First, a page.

The Catskills Bigfoot: My Sighting Story

I’ve long thought that the Catskills needed a Sasquatch to add some hairy mystery to our mountains. Apparently, I’m not the only one. The June issue of Hudson Valley Magazine reports on the Bigfoot enthusiasts in our region. Here’s my contribution to the lore, a poem from My Late Mother as a Ruffed Grouse.


By Will Nixon

On the bench in white stretch pants I told
the quarterback I quit, but didn’t admit
I couldn’t stand up because my penis had snapped.
Both halves snug in my nylon crotch, bigger,
for sure, solid as dynamite, but what if
one should slip down my leg during a play?
“Finish the scenario,” said my therapist.
“You’re the writer. What would Hollywood do?”
Awake, I had a tough time completing dreams,
but after some silence I suggested reaching down
and throwing out my cold broken pipe.
“Marvelous,” he said. “For next week
make yourself a new penis.”

Something with feathers, I decided, something
with teeth. Not the penises of art history,
the wooden lap rockets on primitive carvings
or the floral codpieces on patriotic statues,
my organ would be furtive and wild,
a bark-eater, a nocturnal predator,
a burrower and a hibernator,
an omnivore grazing twenty hours a day,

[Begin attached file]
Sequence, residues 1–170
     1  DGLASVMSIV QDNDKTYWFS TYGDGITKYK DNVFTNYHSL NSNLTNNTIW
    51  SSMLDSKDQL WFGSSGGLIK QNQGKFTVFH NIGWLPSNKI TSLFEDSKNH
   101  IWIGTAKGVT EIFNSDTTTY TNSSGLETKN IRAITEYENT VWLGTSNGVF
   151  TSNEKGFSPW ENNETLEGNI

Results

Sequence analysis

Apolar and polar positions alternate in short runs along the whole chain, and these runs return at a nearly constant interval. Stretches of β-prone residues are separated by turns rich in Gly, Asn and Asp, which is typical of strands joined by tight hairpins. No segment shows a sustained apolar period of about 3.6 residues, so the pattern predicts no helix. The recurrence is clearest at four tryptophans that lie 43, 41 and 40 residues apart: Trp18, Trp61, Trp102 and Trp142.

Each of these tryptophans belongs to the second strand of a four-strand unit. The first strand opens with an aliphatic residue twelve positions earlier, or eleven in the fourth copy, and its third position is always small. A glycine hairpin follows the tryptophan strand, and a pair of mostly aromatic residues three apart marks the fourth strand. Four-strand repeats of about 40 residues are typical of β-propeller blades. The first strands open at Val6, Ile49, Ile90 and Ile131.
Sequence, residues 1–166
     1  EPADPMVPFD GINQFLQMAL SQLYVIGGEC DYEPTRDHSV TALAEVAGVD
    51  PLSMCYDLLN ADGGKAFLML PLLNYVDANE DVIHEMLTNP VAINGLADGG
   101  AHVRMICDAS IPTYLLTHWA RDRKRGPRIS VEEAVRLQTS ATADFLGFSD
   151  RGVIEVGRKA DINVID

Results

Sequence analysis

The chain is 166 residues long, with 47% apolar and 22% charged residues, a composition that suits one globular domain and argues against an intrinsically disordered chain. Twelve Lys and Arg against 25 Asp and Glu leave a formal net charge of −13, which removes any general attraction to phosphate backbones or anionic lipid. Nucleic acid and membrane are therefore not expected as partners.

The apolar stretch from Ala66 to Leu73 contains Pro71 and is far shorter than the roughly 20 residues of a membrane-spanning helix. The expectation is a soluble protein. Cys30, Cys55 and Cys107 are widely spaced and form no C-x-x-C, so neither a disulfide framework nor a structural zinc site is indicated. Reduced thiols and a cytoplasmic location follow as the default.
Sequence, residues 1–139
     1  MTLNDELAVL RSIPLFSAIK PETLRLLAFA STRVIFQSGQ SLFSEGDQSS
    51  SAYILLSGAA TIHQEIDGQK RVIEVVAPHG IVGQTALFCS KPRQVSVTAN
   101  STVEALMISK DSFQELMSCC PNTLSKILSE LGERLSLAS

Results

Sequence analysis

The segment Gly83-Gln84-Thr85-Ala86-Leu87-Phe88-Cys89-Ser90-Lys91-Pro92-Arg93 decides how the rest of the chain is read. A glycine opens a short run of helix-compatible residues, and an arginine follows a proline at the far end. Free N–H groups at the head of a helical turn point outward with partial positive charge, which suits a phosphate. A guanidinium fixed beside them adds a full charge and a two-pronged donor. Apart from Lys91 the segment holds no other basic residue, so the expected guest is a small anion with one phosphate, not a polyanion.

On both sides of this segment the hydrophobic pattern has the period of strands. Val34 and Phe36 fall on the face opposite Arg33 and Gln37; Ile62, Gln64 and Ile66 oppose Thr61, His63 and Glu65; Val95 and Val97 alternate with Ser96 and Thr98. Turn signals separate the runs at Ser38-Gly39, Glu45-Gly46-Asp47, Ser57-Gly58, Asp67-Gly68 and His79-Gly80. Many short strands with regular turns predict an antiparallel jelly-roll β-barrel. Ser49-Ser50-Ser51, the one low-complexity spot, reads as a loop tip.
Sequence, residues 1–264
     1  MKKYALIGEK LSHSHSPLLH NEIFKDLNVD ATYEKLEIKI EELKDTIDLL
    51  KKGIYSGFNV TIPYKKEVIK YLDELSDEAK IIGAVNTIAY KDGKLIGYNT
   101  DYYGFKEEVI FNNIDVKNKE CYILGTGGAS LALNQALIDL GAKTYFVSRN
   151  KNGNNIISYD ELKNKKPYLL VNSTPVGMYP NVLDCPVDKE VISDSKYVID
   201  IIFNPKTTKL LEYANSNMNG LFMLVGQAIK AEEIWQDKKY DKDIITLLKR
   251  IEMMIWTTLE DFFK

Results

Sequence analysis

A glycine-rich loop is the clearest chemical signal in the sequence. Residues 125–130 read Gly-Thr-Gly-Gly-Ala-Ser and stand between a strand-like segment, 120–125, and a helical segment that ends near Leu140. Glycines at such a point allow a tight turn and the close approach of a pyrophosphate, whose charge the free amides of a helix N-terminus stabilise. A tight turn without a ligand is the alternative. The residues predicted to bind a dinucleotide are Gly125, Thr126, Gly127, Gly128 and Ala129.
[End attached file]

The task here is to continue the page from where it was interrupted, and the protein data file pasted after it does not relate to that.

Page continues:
eating its own weight in blackberries.

In time villagers would share theories—
Sasquatch, Wendigo—then a cryptic photo
of a golden eye on an abandoned road.
They’d argue over footprints, collect scat
not found in any field guide. They’d fear
what could come down from above the cliffs,
where the hunter fell, found three days later
with a ham sandwich still wrapped in his pocket.

I wasn’t afraid of that mountain. All morning
I climbed animal trails past beech trees clawed
by bears, hemlocks shading owls and porcupines.
At the cliffs I filled my cup with water percolating
from moss, then scrambled up loose gully rocks.
Behind me, the valley haze twitched with dragon flies
and airborne seeds. A hawk screamed down the ridge.
I could sense it now: my penis smelled me approaching.
In the clearing where hobblebushes blossomed
with white saucers serving the fragrance of earth,
we would join in the dance that ignited the sun.

* * * *

The Mother Grouse Blog is produced by Will Nixon, author of My Late Mother as a Ruffed Grouse and Love in the City of Grudges available on-line.

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